Children with cancer much more likely than adults to receive high-intensity end-of-life care despite access to palliative care
TORONTO, NOVEMBER 14, 2016 — About 40 per cent of children with cancer receive at least one form of high-intensity end-of-life care treatment according to a new study from the Institute for Clinical Evaluative Sciences (ICES) and The Hospital for Sick Children (SickKids).
“This difference in high-intensity end-of-life care between children and adults may reflect the unique challenges associated with paediatric palliative oncology. Most children are cured of their disease and paediatric providers comparatively have less experience initiating difficult discussions about end of life,” says Dr. Sumit Gupta, senior author of the study, scientist at ICES and paediatric oncologist at SickKids.
While 40.6 per cent of children with cancer receive at least one form of high-intensity end-of-life care treatment, the number is significantly lower for adults with advanced cancer, with only 22 per cent receiving at least one type of high-intensity end-of-life care. In this study, high-intensity end-of-life care was defined as more than one emergency room visit, more than one hospitalization or an ICU admission, within 30 days of death or intravenous chemotherapy within 14 days of death.
In addition, the study also found that the percentage of children experiencing ICU admission or intubation at the end-of-life is increasing over time.
This is the first North America study to examine high-intensity end-of-life care among children with cancer and was published November 14 in the Journal of Clinical Oncology.
The researchers identified all Ontario children under 15 years of age, diagnosed with a primary cancer, who subsequently died between 2000 and 2012 by or before the age of 18.
“Ontario children with cancer continue to experience high-intensity end-of-life care despite an increased focus in medicine on high quality palliative care. Previous studies have repeatedly shown that children with advanced cancer, many of whom received high-intensity medical care, experience high suffering and symptom burden at end of life,” adds Gupta, who is also Assistant Professor in the Department of Paediatrics, the Institute for Health Policy, Management and Evaluation, and the Institute of Medical Sciences at the University of Toronto.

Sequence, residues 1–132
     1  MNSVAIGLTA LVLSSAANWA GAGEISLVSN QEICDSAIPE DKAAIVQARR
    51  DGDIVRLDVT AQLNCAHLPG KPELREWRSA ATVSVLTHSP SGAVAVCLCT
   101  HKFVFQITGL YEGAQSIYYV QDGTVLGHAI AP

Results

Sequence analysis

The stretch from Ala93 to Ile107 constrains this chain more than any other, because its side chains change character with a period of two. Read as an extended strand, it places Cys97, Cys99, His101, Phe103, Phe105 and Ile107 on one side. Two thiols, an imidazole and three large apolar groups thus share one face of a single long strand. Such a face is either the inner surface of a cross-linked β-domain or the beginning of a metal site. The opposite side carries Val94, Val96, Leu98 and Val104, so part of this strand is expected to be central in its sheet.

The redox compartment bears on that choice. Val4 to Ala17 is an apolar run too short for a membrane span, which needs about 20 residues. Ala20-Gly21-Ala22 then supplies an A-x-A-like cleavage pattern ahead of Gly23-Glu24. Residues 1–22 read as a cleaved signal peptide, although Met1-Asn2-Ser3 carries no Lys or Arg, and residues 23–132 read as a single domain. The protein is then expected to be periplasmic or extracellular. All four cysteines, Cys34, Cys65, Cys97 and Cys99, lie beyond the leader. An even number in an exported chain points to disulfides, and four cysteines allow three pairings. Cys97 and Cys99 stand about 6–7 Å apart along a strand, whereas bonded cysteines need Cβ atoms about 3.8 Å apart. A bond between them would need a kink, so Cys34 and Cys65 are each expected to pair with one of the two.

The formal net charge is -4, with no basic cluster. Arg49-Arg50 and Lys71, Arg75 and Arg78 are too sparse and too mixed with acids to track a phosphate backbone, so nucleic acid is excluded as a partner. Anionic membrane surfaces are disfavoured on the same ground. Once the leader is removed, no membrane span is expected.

While the outcomes of children with cancer have improved significantly over the last several decades, approximately 20 per cent will still die of their disease.
The researchers suggest that open and honest communication between clinicians and parents of children with advanced cancer to discuss prognosis and goals of care as well as access to community-based palliative care may influence the intensity of care at the end of life.
This work was supported by a Pitblado Discovery Grant from the Garron Family Cancer Centre at SickKids and ICES, which is partly funded by an annual grant from the Ontario Ministry of Health and Long-Term Care (MOHLTC).
This research is an example of how SickKids and ICES are contributing to making Ontario Healthier, Wealthier and Smarter.
“Predictors of and trends in high-intensity end-of-life care among children with cancer: A population-based study using health services data” was published today in the Journal of Clinical Oncology.